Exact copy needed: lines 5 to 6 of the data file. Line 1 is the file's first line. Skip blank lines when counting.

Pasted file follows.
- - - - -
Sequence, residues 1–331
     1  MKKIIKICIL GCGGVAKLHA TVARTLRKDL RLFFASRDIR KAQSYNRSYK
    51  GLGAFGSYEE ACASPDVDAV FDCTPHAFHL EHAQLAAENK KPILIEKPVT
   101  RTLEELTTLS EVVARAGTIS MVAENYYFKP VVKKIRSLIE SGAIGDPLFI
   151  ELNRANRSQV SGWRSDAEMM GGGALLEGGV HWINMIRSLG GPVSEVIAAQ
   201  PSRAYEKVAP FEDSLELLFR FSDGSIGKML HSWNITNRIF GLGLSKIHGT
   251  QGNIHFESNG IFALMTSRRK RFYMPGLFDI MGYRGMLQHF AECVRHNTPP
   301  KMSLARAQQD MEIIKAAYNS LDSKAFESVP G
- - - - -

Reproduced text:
   151  ELNRANRSQV SGWRSDAEMM GGGALLEGGV HWINMIRSLG GPVSEVIAAQ
   201  PSRAYEKVAP FEDSLELLFR FSDGSIGKML HSWNITNRIF GLGLSKIHGT